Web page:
The signs of imminent upheaval were most noticeable in the provinces located along the periphery of the Empire, where social disquiet was intensified by national and religious persecution during four centuries of continuous expansion, Russia had extended its dominion over Finns, Estonians, Latvians, Lithuanians, Poles, Georgians, Armenians, Azerbaijanis, and many other nationalities. Indeed, at the close of the century non-Russians constituted a majority of the total population of the Empire. Living mostly in the border areas, they could plainly hear the reverberations of nationalism in central Europe. Yet, paradoxically, national consciousness among the minority peoples received an even stronger stimulus from the Russian government itself. Inspired by Pobedonostsev, whose political philosophy pervaded the era of the last Romanovs, Alexander III and his son Nicholas embarked upon a program of Russification, an attempt to force the restless inhabitants of the frontier provinces to suppress their own national traditions and recognize the supremacy of Russian culture. Intended somehow to curb national and social discontent, Russification only aggravated such problems in a multinational empire. The ethnic question played an important part in the strikes among the Transcaucasian oil workers in 1902 and 1903; and in 1904, after Nicholas II extended Russification to loyal Finland, which had been enjoying constitutional privileges since 1809, the son of a Finnish senator murdered the Russian Governor-General, N. I. Bobrikov.
No national or religious minority suffered more from the harsh policies of the government than the Jews. At the opening of the twentieth century, five million Jews resided in the Empire, mainly in the Pale of Settlement, which extended along the western borderlands from the Baltic to the Black Sea. They had fared comparatively well during the moderate reign of Alexander II. In his program of reforms, the Tsar had permitted prosperous Jewish merchants, skilled craftsmen, former soldiers, and holders of university diplomas to live and work outside the Pale. But Alexander's violent death in March 1881 abruptly ended this period of calm and relative prosperity for the Jews. Easter time marked the outbreak of an ugly rash of pogroms, which spread through more than one hundred districts in the southwestern provinces. Although the least show of force was sufficient to stop a pogrom at once, the local authorities as a rule looked the other way before the rapine and plunder, and in some cases even encouraged the pogromists. On top of these depredations by the local populace the government issued a series of obnoxious decrees affecting every vital aspect of Jewish life. "Temporary regulations" prohibited the Jews from settling in rural communities even within the Pale, and although these rules applied only to new settlers, many old residents were expelled from the villages of their birth and forced to live in the larger towns. Movement from village to village was restricted and searches were conducted for Jews residing illegally outside the borders of the Pale, which was reduced somewhat in size. The Ministry of Education introduced quotas limiting the number of Jewish students in secondary schools and universities to 10 per cent of the student body inside the Pale and 5 per cent outside, except in St. Petersburg and Moscow, where the figure was fixed at 3 per cent. Jewish doctors could no longer find public employment, and their service in the army medical corps was curtailed. Admission to the bar for "non-Christians" was made subject to the approval of the Minister of Justice, who rarely granted entry to Jewish candidates. Jews could no longer participate in the zemstva (rural assemblies) or in the city councils. Furthermore, in 1891, the authorities evicted twenty thousand Jewish merchants and artisans from Moscow, where Alexander II had allowed them to settle in 1865, and three years later the introduction of a state monopoly on alcohol deprived many Jewish innkeepers of a livelihood.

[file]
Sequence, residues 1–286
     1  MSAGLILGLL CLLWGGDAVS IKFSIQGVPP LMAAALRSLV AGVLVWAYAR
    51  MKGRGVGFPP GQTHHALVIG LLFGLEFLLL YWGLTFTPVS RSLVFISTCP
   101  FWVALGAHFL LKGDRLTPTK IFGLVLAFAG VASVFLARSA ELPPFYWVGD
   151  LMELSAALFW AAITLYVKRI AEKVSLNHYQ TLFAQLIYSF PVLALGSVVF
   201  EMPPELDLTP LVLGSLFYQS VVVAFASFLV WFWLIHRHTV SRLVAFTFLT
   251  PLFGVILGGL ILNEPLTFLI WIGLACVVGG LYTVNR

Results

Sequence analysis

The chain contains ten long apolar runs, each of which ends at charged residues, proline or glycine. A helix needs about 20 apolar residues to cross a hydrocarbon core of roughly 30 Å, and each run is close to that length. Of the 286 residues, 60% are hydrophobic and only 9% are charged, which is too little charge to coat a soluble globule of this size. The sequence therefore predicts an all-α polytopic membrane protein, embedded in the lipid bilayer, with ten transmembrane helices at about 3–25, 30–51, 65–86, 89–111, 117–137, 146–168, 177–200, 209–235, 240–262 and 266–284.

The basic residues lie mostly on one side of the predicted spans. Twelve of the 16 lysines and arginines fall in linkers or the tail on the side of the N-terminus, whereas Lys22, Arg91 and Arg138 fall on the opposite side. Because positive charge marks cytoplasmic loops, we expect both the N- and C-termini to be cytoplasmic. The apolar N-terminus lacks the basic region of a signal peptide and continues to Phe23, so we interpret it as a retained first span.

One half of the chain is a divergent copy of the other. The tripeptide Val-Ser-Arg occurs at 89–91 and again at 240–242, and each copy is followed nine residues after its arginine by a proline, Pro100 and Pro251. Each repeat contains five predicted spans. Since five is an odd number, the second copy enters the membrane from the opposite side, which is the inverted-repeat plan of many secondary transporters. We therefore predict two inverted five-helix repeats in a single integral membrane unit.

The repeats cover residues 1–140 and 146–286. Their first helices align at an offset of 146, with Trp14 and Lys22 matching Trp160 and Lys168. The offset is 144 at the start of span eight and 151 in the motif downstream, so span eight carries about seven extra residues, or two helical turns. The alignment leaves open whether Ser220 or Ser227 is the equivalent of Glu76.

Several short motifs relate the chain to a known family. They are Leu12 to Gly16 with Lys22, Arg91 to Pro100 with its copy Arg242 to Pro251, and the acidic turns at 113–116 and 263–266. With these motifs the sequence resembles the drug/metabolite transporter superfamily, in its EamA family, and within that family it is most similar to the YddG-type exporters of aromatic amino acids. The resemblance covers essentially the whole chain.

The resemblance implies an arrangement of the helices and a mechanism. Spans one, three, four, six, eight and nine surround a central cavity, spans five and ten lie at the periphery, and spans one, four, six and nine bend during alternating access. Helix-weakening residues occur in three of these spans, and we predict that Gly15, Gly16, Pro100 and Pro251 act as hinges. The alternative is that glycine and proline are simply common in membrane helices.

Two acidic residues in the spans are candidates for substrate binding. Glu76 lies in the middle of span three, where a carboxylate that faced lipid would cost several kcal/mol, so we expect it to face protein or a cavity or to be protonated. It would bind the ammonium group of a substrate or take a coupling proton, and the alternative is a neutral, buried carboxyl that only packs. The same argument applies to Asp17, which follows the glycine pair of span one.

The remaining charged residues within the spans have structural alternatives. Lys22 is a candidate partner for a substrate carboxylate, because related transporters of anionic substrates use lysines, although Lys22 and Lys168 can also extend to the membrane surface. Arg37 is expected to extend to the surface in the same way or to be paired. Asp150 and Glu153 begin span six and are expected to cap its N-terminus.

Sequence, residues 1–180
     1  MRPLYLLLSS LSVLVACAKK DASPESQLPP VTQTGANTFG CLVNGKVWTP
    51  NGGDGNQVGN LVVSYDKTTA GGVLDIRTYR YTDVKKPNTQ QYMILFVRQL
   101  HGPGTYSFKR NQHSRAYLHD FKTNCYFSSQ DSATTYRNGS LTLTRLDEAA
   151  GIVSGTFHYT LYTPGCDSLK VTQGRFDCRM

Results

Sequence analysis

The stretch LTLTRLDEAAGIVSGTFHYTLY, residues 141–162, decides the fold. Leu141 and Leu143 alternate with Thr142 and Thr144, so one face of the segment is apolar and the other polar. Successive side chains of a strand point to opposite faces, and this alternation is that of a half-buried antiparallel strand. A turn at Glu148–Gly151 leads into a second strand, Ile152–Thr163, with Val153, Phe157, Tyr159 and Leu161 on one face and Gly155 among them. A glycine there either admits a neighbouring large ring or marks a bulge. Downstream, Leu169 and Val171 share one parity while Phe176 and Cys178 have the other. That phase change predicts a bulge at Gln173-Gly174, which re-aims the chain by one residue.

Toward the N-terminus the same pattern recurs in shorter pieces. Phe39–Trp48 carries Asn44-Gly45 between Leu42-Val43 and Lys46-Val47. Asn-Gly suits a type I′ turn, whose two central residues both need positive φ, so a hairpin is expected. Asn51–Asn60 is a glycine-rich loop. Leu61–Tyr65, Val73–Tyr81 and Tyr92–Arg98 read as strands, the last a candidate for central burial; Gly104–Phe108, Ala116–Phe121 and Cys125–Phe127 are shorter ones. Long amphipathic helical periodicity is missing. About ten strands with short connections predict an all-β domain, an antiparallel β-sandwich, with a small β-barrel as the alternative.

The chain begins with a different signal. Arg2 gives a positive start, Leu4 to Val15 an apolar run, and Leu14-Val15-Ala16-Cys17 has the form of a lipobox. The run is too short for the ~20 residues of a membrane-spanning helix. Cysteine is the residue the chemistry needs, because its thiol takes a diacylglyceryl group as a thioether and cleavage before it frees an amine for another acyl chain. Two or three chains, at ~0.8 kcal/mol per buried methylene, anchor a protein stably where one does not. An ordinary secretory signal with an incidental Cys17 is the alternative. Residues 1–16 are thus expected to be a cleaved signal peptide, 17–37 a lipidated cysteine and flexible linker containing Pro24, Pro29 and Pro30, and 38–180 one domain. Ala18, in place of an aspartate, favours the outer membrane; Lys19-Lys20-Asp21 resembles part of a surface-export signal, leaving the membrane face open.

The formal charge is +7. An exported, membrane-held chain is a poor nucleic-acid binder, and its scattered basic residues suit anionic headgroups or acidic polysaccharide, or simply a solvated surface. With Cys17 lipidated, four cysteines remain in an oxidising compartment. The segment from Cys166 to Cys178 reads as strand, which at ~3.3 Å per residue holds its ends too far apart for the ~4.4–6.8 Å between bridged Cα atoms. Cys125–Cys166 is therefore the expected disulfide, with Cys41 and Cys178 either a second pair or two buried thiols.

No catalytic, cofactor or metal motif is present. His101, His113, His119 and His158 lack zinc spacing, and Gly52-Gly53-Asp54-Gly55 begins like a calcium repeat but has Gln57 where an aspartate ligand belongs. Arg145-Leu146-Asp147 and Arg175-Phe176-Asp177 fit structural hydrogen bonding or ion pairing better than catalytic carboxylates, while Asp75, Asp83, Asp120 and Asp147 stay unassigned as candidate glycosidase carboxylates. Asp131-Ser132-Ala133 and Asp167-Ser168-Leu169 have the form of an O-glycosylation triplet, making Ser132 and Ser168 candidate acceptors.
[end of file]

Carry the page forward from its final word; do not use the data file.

These pernicious regulations remained in force with little modification throughout the reign of Nicholas II. The plight of the Jews grew desperate. Crowded into ghettos, subjected to religious persecution, largely barred from higher education and professional careers, their traditional occupations increasingly circumscribed, the Jews faced the total collapse of their economic and social structure. After the depression struck in 1899, the vast majority were compelled to live on the margin of pauperism. Lacking modem equipment and cheap credit, the small entrepreneurs characteristic of the Pale were threatened with ruin by rising competition from large-scale industry. Artisans, abandoning forever their cherished dream of becoming independent manufacturers, joined the ranks of the factory wage earners or, if less fortunate, the swelling army of luftmenshn — men without any employment, who lived precariously "off the air."
Excerpted from The Russian Anarchists by Paul Avrich. Copyright © 1967 Princeton University Press. Excerpted by permission of PRINCETON UNIVERSITY PRESS.